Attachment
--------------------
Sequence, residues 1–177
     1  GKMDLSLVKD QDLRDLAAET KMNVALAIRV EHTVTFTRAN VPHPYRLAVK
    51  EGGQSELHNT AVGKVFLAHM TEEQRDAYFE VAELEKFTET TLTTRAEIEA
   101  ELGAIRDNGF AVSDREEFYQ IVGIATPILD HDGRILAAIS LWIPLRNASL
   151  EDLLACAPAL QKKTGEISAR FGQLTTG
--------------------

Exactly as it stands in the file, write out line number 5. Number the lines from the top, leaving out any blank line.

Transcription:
   151  EDLLACAPAL QKKTGEISAR FGQLTTG